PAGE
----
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Studies Regarding Melatonin And Dementia
Researchers from the Netherlands Institute for Neuroscience reviewed the perks of melatonin and the effect of environmental light on seniors with dementia.
The study that was published in the Journal of the American Medical Association reported that melatonin was useful with sleep issues.
Most of the participants had dementia. All the participants were living in assisted care facilities.
The seniors were assigned to different groups randomly.
The groups received different treatments and these included:
- Melatonin and dim light exposure
- Melatonin and bright light exposure
- Placebo and dim light
- Placebo and bright light
The researchers discovered that melatonin helped to enhance the onset of sleep as well as sleep duration by 27 minutes.
However, it was also the cause of unwanted side effects of increased depressive and withdrawn behaviour in participants.
Bright light therapy was also linked to improvements in depressive and cognitive deterioration symptoms as well as improved functional abilities and daily living activities.
The experts concluded that a combination of the two therapies produced the best results. This resulted in a decrease in agitation, night-time restlessness, and aggression.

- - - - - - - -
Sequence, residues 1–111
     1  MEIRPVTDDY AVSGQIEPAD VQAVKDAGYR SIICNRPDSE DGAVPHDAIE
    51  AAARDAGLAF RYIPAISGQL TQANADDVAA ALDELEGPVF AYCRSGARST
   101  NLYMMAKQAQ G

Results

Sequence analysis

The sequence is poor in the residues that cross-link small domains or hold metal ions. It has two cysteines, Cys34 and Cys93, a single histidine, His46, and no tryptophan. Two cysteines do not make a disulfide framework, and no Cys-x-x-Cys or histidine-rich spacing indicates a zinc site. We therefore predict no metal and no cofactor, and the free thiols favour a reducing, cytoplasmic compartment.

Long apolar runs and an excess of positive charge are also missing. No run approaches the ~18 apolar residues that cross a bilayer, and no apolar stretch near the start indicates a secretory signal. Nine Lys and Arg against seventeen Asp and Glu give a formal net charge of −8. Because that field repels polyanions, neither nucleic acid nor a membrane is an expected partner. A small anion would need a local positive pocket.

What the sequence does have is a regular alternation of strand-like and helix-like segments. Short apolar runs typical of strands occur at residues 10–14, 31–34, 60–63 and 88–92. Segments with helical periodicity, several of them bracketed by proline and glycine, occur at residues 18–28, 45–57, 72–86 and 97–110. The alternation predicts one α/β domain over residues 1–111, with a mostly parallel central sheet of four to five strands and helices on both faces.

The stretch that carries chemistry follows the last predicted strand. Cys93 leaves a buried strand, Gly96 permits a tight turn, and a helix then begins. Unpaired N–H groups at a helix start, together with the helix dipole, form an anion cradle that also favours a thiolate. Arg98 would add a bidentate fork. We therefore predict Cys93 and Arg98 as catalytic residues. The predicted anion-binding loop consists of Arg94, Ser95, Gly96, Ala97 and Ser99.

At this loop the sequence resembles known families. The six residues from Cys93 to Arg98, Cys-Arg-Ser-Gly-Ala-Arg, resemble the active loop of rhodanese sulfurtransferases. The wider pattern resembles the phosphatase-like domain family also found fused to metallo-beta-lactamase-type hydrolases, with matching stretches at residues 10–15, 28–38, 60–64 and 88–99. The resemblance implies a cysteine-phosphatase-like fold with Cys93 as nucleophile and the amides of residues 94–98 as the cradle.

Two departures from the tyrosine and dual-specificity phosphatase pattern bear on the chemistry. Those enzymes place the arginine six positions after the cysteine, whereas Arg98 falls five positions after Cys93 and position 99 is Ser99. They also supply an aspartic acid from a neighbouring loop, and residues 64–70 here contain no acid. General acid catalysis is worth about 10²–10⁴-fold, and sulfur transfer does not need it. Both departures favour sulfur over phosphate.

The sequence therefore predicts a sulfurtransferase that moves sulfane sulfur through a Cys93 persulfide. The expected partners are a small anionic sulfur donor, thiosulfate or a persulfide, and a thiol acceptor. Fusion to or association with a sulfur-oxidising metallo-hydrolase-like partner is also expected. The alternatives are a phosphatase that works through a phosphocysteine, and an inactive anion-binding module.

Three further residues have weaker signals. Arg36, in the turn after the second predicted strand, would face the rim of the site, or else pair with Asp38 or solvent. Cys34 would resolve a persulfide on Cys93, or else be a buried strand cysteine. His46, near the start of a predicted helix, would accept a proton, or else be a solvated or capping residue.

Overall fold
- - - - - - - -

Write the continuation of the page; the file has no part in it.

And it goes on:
It seemed that a bright light environment countered the negative melatonin effects.
Why Dementia Patients Don’t Sleep Well
Depending on the stage of dementia the sleep pattern can change from sleeping too little to sleeping too much. As dementia progresses it is not unusual for the pattern to deteriorate. What makes things a little trickier is that dementia can make it harder for someone to communicate what is wrong. For example, they might not be able to tell you that theyre in pain. This is why it becomes even more important to pay close attention to other types of communication such as facial expression and body language. Below, we have outlined some issues which can cause dementia patients to not sleep well.
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Sleeplessness & High Blood Pressure
If you are experiencing occasional sleeplessness and have high blood pressure or are taking medication to help manage high blood pressure, you may be wondering which over-the-counter nighttime sleep aid options may be right for you. TYLENOL® PM and SIMPLY SLEEP® both contain the active ingredient diphenhydramine. Read more about diphenhydramine and high blood pressure below. to buy a TYLENOL® PM product.